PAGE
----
After reading this summer’s blog posts and talking with our students about how meaningful the experience abroad was for them, I remember how rare this kind of thing truly is for American students. Less than 0.25% of American undergraduates study abroad during college. While national statistics are not collected for study abroad in high school, we know that it is even less than that. That’s a shame! Why?
Professionals in International Education recently published a survey showing that US college grads who study abroad find jobs sooner and earn higher salaries than students who don’t.
“In the report, 84% said study abroad helped them develop key jobs skills such as ‘adaptability, global understanding and tolerance, leadership, and independence.’
‘Our study abroad alumni have found that employers recognise the benefits of international education and the job skills it helps build,’ said Dwyer.”
Studying abroad makes us attractive job candidates, graduate school applicants, and human beings. It shows an interest in the world around us, an understanding of cultural differences, and an adaptability crucial to success in a changing world.
As this Global Career Compass blog “Macroeconomics, Inequality & Study Abroad” points out,
“… we have growing economic inequality… an increasing gap in access to international educational experiences… and finally, the resulting inequality in employability for students who do not have the benefits of either a college education or international educational experience.”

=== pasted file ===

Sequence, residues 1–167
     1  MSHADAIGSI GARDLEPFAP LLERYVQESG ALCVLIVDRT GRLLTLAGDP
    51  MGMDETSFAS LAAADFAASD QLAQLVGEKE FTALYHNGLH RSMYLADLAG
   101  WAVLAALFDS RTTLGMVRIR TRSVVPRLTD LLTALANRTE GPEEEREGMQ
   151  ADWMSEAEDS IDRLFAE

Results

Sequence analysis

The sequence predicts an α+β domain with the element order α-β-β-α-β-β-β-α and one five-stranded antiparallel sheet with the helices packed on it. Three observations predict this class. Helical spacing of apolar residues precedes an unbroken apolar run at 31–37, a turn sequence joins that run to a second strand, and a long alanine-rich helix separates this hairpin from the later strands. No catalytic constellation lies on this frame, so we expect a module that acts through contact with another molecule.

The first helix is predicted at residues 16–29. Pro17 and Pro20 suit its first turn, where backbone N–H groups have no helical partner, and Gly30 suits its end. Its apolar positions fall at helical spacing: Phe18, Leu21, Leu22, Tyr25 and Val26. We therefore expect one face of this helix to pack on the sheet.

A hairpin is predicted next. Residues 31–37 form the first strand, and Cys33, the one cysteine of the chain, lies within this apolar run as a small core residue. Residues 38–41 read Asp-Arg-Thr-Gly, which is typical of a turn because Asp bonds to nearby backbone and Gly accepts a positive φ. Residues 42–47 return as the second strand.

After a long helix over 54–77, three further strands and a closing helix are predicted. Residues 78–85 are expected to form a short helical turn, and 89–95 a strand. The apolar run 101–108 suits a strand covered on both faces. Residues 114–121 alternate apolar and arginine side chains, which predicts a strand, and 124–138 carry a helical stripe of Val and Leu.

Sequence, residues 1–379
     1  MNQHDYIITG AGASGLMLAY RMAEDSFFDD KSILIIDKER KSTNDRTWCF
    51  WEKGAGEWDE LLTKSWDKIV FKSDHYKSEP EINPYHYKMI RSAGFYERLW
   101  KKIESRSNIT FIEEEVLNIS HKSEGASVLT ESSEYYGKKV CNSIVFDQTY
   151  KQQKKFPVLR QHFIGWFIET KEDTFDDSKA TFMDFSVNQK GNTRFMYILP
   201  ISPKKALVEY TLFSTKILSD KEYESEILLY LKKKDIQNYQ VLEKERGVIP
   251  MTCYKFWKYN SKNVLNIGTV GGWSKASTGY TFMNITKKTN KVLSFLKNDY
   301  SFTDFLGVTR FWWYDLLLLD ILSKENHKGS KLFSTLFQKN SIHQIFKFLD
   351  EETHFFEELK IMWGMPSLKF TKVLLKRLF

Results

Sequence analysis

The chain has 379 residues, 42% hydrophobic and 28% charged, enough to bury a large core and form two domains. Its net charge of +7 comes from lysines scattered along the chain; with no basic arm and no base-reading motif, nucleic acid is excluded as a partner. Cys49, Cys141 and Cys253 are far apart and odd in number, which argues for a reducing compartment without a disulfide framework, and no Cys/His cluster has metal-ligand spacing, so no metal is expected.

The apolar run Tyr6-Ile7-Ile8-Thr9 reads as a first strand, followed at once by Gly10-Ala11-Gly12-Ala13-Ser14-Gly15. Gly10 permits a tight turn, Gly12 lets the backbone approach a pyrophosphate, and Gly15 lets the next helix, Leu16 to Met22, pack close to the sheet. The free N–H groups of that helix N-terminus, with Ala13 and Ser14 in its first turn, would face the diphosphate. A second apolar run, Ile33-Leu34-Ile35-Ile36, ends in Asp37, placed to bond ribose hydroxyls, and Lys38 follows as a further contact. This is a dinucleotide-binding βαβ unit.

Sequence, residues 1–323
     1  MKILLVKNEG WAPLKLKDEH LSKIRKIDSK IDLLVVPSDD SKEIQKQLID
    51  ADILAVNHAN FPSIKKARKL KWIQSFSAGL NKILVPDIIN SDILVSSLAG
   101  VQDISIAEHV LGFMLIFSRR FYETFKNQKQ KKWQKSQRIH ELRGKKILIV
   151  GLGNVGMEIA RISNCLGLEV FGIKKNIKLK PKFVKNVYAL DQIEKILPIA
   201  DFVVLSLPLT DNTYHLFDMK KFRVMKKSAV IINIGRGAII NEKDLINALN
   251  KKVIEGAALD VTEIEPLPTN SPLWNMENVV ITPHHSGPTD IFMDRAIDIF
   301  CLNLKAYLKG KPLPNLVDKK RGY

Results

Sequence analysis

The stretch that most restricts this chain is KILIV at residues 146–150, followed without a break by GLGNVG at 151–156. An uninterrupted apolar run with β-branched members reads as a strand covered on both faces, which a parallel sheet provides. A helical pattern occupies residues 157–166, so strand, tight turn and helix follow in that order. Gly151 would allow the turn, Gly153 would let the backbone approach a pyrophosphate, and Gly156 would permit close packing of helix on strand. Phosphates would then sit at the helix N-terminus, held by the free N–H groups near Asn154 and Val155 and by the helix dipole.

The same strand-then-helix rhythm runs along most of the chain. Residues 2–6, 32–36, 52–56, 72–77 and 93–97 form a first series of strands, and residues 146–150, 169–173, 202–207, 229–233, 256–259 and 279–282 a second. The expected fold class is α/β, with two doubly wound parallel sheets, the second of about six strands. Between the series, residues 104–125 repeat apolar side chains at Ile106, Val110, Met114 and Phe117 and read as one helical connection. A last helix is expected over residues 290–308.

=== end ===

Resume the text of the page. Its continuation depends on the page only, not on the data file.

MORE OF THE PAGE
Such opportunities are just not available to students in the US, or if they are, they cost enough to be out of reach for most, not to mention being daunting for students who do not come from a family that travels internationally. Do our students reap the same benefits as students who study abroad? While not learning in an academic setting, LearnServe Abroad does offer experiential learning through our volunteer projects, and based on what we hear from our alumni, that kind of experience does get the attention of colleges and employers, and may be even more rare than study abroad.
Our scholarship program is what makes LearnServe Abroad so accessible to so many students (and teachers!) We try to narrow the gap, one summer at a time, giving students the leg up and the global perspective for success in their futures.
What do you think? Did you study abroad? How do you think you have benefited from it? Let us know on Twitter @LearnServe.